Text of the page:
At a time when Saturday Night Live's brilliant satire on "purposeful" communication was outdone in crassness by a real Pepsi commercial you might well think that the advertising world should be taking a long look at itself.
It needs to. A couple of weeks ago I was privileged to speak at a conference organized by Creative Equals designed to shine a light on the shocking lack of gender equality at the top of our industry and it struck me forcibly that, in my four decades in this business, we haven't made much progress. Actually, none. The title of my talk was "Fuck fairness." Why? Because after all this time liberals whinging about social justice has got us nowhere. So instead, let's take heed of all the empirical evidence, which shows unequivocally that companies with better gender balance at the top outperform their competitors.
What did John Prescott say? We're all middle class now. It's certainly true of advertising
And the same goes for companies that are more ethnically and demographically diverse. And here, we have moved steadily backwards. Everyone knows why—tuition fees and the cost of living in London are massive deterrents to people from less advantaged backgrounds. Creative departments used to contain lots of art school grads who came from some pretty tough places. Not now. What did John Prescott say? We're all middle class now. It's certainly true of advertising. Homogenized communities produce homogenized thinking and solutions. We're failing our clients and they're starting to notice.
We at D&AD certainly don't have all the answers—no one does—but we are trying to do something about it. Several things, in fact.
D&AD is a creative education charity. All the money we make goes back into the industry you love, to support the established New Blood program, of course; but increasingly and crucially to help our campaign for a fairer, more sustainable, more diverse and better gender-balanced industry.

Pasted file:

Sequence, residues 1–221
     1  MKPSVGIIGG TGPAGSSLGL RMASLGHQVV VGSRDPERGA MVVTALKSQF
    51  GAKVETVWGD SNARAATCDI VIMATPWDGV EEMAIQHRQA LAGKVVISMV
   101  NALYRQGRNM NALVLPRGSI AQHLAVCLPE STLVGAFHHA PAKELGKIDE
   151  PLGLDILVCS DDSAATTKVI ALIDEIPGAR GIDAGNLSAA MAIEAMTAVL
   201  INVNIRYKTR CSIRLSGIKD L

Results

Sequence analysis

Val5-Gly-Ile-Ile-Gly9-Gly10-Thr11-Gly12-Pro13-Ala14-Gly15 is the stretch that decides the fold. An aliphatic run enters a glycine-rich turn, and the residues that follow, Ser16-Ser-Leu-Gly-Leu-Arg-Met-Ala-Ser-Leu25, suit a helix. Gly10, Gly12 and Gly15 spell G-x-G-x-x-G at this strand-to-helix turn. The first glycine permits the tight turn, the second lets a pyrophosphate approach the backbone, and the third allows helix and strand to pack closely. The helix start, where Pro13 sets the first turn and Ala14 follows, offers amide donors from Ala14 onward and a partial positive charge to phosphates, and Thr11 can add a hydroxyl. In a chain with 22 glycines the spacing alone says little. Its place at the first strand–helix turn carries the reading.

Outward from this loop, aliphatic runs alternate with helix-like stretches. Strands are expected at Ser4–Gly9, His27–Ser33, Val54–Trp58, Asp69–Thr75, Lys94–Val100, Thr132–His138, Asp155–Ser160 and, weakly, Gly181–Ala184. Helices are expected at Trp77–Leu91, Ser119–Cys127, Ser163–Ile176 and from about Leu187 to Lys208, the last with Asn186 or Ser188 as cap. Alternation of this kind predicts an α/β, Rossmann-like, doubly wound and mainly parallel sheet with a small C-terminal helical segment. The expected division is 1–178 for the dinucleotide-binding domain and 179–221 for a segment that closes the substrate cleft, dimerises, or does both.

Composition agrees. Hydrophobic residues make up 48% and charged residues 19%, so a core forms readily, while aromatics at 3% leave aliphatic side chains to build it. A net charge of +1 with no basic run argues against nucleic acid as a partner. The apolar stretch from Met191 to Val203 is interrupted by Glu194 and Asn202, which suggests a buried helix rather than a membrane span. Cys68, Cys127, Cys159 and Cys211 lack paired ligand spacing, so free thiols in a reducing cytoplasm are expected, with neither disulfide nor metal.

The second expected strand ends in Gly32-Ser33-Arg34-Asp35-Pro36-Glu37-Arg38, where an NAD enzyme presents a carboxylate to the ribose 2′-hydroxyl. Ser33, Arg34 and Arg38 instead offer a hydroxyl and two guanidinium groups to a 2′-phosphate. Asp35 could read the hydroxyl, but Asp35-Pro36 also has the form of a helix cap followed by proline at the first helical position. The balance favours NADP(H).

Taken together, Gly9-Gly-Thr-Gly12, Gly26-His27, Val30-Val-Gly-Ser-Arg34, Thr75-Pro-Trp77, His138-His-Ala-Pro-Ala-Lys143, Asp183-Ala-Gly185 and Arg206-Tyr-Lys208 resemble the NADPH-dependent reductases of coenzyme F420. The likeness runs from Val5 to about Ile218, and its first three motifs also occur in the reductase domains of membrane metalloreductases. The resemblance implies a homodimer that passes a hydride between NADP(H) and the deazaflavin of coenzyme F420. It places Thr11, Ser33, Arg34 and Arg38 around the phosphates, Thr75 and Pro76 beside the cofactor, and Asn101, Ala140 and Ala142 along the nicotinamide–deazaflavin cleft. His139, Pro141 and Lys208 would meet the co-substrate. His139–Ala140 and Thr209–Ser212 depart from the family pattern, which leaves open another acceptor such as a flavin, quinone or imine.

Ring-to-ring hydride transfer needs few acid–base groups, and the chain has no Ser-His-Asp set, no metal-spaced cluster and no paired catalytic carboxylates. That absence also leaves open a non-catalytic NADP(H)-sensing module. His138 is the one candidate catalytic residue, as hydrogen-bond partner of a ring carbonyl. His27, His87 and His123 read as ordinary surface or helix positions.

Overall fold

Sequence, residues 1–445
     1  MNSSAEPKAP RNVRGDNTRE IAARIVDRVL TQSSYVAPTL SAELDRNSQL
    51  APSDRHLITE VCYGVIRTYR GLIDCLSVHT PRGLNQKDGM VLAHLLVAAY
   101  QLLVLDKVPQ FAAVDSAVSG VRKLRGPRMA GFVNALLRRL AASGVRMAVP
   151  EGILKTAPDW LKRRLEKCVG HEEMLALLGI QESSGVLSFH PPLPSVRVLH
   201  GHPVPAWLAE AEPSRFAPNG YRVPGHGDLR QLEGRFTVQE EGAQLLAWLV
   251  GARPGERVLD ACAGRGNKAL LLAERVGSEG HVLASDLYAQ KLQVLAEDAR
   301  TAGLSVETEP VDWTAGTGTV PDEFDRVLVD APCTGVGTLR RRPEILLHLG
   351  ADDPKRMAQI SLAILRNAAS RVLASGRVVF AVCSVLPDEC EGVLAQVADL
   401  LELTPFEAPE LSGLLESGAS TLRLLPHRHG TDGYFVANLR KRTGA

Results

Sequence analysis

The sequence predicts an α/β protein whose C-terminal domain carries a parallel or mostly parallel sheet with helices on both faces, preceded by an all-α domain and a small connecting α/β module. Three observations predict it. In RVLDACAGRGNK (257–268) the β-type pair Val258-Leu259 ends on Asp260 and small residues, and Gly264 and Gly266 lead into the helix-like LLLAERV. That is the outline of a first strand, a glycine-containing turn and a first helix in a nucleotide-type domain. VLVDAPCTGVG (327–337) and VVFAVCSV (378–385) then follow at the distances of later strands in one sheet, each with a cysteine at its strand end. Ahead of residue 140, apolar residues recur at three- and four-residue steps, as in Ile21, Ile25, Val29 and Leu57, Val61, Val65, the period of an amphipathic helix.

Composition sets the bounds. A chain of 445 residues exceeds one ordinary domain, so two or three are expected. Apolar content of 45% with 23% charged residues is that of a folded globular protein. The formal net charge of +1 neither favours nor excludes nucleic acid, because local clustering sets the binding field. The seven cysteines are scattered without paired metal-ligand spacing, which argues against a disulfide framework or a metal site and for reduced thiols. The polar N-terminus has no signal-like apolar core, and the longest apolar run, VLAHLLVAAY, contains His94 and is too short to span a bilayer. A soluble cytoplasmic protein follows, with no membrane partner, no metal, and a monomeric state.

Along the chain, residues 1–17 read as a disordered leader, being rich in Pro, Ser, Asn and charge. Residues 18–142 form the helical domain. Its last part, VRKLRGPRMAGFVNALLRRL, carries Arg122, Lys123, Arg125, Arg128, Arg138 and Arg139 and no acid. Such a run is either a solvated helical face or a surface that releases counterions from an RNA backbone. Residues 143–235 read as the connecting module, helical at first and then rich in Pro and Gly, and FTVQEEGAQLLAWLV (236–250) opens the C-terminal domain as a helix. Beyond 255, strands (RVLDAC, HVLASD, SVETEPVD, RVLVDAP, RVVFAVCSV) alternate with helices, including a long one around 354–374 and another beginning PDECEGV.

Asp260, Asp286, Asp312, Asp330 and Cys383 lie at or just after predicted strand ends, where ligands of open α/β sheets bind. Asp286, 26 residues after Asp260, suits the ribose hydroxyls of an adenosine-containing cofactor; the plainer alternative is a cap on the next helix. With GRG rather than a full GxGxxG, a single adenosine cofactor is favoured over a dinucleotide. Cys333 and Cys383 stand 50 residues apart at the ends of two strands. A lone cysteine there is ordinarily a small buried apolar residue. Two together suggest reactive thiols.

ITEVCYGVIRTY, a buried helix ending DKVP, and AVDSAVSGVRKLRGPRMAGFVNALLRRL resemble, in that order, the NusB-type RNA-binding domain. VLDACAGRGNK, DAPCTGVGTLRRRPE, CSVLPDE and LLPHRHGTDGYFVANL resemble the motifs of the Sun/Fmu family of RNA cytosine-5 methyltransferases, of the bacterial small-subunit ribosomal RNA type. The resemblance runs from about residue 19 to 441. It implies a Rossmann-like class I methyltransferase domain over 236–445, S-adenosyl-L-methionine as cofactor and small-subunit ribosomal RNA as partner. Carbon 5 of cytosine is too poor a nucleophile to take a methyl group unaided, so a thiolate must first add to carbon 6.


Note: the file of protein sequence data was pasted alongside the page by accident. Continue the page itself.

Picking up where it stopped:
Well, that’s four bandwagons they’ve jumped on right there and, of course, these are very current themes and topics in our business. But we’re not just spouting off about this stuff, we’re proud of some of the new things we’re doing right now.
One is Shift, a night school for creatively talented people who aren’t making a living in the creative industries. It’s designed to give them the skills and then the opportunity to make it in our world. And it’s working well here in London; so well in fact that we’ve just launched it in New York too.
The most immediate thing you can do to show your support is to come to the D&AD Festival next week. It starts on April 25 at the Truman Brewery—250 of the world’s best creative people judging 26,000 pieces of the world’s best creative work and 150 brilliant speakers across four stages—it’s the advertising and design festival that London needs and deserves.
And this year for the first time the festival will get the climax it needs and deserves too, with the awards ceremony moved to April 27, to bring festival week to a fitting conclusion. It’s at the Troxy in East London and will have a different format and feel to the previous sit-down-dinner model; more emphasis on the show, the work and the winners, with more of a rock ‘n’ roll vibe and a more accessible ticket price. Also (and this is vital information) with Mr. Scruff, Ray BLK and the Deep Throat choir.
So by coming to our festival and our ceremony and by entering our awards and coming to our lectures and exhibitions and training courses you are helping yourself to make better work; and, crucially, helping your industry to a better place. One that has the courage to look outwards and include the currently excluded in its future. And one that doesn’t confuse "doing well by doing good" with misappropriating society’s hopes and fears.
The D&AD Festival takes place at the Truman Brewery from Tuesday, April 25 to Thursday, April 27. The D&AD Awards Ceremony is on the evening of Thursday, April 27. Tickets to both are still available.